Daily Dose, May 17 — Family of God


Now the apostles and the believers who were in Judea heard that the Gentiles had also accepted the word of God. So when Peter went up to Jerusalem, the circumcised believers criticized him, saying, “Why did you go to uncircumcised men and eat with them?”

Then Peter began to explain it to them, step by step, saying, “I was in the city of Joppa praying, and in a trance, I saw a vision. There was something like a large sheet coming down from heaven, being lowered by its four corners; and it came close to me. As I looked at it closely, I saw four-footed animals, beasts of prey, reptiles and birds of the air. I also heard a voice saying to me, ‘Get up, Peter; kill and eat.’ But I replied, ‘By no means, Lord; for nothing profane or unclean has ever entered my mouth.’ But a second time the voice answered from heaven, ‘What God has made clean, you must not call profane.’ This happened three times; then everything was pulled up again to heaven. At that very moment three men, sent to me from Caesarea, arrived at the house where we were. The Spirit told me to go with them and not to make a distinction between them and us. These six brothers also accompanied me, and we entered the man’s house. He told us how he had seen the angel standing in his house and saying, ‘Send to Joppa and bring Simon, who is called Peter; he will give you a message by which you and your entire household will be saved.’ And as I began to speak, the Holy Spirit fell upon them just as it had upon us at the beginning. And I remembered the word of the Lord, how he had said, ‘John baptized with water, but you will be baptized with the Holy Spirit.’ If then God gave them the same gift that he gave us when we believed in the Lord Jesus Christ, who was I that I could hinder God?” (Acts 11:1-17)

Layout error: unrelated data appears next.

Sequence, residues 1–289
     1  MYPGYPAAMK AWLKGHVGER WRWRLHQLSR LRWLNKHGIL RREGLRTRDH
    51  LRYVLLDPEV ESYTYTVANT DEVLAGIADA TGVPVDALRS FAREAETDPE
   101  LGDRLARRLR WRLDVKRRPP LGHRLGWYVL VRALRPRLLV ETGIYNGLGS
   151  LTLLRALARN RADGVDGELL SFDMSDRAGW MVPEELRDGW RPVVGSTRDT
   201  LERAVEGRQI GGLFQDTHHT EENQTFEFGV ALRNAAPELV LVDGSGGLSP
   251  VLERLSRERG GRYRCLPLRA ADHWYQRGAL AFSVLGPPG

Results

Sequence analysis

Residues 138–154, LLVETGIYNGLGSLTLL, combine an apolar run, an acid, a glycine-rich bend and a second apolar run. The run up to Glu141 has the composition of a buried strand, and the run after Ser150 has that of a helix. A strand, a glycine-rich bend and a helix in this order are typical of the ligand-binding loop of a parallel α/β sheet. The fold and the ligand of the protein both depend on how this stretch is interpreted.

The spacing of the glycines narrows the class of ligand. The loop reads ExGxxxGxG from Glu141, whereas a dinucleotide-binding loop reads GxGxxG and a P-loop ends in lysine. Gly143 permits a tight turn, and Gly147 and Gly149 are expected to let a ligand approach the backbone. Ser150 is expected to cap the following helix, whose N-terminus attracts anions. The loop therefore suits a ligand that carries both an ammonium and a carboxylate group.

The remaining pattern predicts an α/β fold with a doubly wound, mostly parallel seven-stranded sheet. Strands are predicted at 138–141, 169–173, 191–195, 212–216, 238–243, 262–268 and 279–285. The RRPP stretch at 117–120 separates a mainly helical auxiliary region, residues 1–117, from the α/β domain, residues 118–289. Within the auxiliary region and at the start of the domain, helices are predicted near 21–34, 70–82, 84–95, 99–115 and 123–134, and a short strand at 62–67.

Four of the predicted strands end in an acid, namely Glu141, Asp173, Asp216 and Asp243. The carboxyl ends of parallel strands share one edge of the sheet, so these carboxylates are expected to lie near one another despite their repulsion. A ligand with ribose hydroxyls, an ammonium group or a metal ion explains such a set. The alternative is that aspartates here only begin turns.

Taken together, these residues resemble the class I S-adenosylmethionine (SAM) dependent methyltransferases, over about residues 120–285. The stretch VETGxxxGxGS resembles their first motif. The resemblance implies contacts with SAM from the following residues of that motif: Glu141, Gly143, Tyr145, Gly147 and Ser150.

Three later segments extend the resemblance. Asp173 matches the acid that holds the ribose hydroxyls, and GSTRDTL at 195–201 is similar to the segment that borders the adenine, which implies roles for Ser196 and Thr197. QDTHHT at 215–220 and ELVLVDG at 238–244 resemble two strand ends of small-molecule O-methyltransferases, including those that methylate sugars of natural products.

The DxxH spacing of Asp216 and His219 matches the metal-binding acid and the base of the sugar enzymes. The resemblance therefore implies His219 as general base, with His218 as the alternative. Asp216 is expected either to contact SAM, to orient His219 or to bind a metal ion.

“Red and yellow, black and white, they are precious in his sight…Jesus loves the little children of the world.”

I imagine many of you recognize that phrase and could join in singing the rest of the children’s song. I learned the words as a kid, and I can easily join in still today is someone begins singing. Songs shape my theology, and this one is no different. It may simple, but it’s powerful. From an early age, it began to teach me how high and wide and deep is the love of God. Even though the song specifically talks about “children,” there was something in me that always understood that the application of this song went far beyond children.

Who do you see when you look at the people around you? Do you see color? Do you see nationality? Do you see language? Do you see differences? Do you see similarities? Do you see disparities? Do you see commonalities. “Red and yellow, black and white, they are precious in his sight…”

In the New Testament, Peter was well versed at drawing distinctions. Even though he was a disciple of Jesus and was committed to live out the calling of the resurrected Christ on his life (Jesus told him to “feed my sheep”), he was under the assumption that the calling only really applied to a certain group of people. But then God opened Peter’s eyes. The Scripture reading today tells of how Peter’s eyes were opened. Verse 17 says, “If God gave them the same gift as he gave us…who was I to think that I could oppose God?” And who are we?

Over the years, I’m so glad that God has continued to show me the truth that was revealed to Peter. My time in seminary at Emory University was a beautiful indication of this: I gathered in classes to study about God, the Bible, the church — and all things related to them — with people from all over the world. I got to know people from different continents and with different accents and skin colors, and we came together to learn about and worship the very same God! Who were we to oppose God?

“Red and yellow, black and white…they are precious in his sight.” And so are you! — Rev. Brad Greene